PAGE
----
|The Tudor portion of Hampton Court Palace|
The LIS class had a free day today so Lindsay, Jessica, Ashley, Kayla, and I decided to take the 30-minute train ride to Hampton Court Palace. Words cannot describe how awesome the experience was. There were so many beautiful rooms, items, and gardens that my camera battery couldn't withstand the sheer amount of pictures I felt it necessary to take. Seven hours and over 350 pictures later, I had finished one of the best experiences I've had in the UK so far.
|Henry VIII's Great Hall|
|Chapel Royal ceiling|
After such an amazing start to the day, I didn't think anything else in the palace could compete with the morning. Our lunch break in the Privy Cafe quickly proved me wrong. This cafe was modified from the privy kitchens of Queen Elizabeth I, so I found myself eating a sandwich in the same place that QE1 would sit and take her private meals. This was a completely surreal experience because I have looked up to Elizabeth for many years. It could be because we share the same name or because she was the first female monarch who proved that maybe, just maybe, a woman could do a man's job.
|Cutting a quill pen|
|Superior maze navigators|
One of the fun outdoors attractions at Hampton Court is the hedge maze. It was one of the first mazes in the UK that didn't have just one path, so now people would encounter dead ends and potentially become lost which adds suspense and tons of fun! Naturally, this was a big hit and people came from all over England to try their luck when the maze opened to the public. The signage mentioned an average journey of 20 minutes to reach the center, but being the infinitely clever and resourceful library students that we are, we made it to the center in about 5 minutes. The signs in the center urged us to take a "Georgian selfie" with the decorative frame in the center (and of course you have to obey the signs).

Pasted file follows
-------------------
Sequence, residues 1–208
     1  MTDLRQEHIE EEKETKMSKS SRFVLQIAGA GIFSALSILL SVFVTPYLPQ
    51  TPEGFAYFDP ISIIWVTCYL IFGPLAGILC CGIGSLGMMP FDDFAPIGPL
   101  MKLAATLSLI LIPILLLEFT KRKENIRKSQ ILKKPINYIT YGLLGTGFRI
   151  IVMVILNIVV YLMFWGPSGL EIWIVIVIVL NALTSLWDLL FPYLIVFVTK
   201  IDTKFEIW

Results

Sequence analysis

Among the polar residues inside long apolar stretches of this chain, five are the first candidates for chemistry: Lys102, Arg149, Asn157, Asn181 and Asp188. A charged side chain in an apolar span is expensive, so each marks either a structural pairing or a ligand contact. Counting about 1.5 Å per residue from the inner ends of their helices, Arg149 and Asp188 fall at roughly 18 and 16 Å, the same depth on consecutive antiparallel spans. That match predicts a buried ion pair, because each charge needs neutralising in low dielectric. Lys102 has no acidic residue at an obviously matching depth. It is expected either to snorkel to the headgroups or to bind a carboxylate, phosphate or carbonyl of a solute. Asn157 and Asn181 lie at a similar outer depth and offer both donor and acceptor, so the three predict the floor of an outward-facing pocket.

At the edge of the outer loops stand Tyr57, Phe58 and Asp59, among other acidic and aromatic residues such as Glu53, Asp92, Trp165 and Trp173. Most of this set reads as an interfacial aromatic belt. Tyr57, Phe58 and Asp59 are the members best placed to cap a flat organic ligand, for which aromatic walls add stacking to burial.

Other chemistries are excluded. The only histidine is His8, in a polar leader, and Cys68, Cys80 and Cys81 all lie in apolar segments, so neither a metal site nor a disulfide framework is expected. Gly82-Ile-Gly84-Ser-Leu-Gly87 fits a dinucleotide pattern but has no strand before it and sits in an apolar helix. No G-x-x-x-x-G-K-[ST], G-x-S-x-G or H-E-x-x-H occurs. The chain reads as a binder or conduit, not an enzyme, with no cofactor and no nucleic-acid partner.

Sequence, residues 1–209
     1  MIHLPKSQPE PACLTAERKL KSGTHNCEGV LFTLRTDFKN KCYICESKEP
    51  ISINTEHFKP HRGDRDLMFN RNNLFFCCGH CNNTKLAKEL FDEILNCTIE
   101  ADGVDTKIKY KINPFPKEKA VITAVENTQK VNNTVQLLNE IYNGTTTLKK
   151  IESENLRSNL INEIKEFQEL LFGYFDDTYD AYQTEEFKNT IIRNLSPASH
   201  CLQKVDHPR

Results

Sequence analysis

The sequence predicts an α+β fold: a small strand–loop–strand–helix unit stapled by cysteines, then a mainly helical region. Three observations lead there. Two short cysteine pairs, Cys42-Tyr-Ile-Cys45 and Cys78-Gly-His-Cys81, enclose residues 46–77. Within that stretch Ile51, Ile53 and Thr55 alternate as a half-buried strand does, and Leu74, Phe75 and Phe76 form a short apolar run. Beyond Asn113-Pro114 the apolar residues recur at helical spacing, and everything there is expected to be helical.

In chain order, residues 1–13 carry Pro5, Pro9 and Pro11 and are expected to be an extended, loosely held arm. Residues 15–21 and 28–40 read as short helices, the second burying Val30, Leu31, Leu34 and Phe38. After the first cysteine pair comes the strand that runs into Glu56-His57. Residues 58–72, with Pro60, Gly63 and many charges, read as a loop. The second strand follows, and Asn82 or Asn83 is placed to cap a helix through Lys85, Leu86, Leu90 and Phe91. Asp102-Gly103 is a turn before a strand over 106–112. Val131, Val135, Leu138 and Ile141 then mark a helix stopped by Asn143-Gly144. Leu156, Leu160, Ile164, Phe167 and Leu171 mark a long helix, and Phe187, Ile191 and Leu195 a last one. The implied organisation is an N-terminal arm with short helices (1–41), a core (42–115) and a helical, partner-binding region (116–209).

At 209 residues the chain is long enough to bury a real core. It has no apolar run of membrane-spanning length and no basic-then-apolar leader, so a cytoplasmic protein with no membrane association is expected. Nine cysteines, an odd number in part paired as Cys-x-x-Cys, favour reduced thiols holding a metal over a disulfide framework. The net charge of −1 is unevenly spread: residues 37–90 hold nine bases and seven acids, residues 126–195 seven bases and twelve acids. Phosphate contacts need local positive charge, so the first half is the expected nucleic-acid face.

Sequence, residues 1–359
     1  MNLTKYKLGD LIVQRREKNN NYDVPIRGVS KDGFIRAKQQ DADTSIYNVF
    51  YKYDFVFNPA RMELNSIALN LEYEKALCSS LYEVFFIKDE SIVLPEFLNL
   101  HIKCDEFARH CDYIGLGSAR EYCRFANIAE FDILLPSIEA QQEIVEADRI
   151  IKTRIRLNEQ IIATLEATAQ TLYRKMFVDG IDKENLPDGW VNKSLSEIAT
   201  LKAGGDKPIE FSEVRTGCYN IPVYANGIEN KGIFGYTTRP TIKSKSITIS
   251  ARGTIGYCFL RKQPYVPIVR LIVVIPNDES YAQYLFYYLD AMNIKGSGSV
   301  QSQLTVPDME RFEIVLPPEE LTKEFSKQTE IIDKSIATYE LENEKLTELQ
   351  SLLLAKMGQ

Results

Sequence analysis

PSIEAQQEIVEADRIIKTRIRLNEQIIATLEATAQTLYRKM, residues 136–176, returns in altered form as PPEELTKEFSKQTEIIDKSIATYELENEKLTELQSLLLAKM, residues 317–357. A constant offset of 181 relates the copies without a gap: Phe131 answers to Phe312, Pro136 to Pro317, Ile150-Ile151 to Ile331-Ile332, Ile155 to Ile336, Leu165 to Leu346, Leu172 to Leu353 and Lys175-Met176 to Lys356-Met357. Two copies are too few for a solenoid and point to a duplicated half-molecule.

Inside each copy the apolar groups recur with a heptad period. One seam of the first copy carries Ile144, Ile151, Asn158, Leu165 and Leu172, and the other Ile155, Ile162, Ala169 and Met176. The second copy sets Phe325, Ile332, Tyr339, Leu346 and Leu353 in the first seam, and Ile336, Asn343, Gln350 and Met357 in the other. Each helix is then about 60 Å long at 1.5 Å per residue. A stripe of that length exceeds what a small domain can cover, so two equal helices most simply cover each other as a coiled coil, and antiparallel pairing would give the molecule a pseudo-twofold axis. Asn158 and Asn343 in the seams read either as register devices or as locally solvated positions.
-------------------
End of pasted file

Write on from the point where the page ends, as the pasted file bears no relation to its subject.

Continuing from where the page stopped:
The maze is right next to the gardens at the rear of the house, and those are spectacular. There are several gardens around the palace, and each has its own personality. Some are entirely green, some have an occasional pop of color, and some are a riot of hues and flowers. In this case I believe pictures would speak more eloquently than any words I could come up with to describe them, as I have a brown thumb and know nothing about horticulture.